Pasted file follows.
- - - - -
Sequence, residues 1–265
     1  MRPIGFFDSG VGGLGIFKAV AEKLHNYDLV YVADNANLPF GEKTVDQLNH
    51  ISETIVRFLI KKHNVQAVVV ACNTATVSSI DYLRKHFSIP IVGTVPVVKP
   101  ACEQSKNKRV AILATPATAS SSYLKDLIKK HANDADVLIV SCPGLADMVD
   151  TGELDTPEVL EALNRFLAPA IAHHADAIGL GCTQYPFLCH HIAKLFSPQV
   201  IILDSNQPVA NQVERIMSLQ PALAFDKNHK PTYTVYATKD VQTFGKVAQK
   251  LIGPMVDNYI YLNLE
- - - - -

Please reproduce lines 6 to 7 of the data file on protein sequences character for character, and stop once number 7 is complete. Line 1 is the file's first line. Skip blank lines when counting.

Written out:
   201  IILDSNQPVA NQVERIMSLQ PALAFDKNHK PTYTVYATKD VQTFGKVAQK
   251  LIGPMVDNYI YLNLE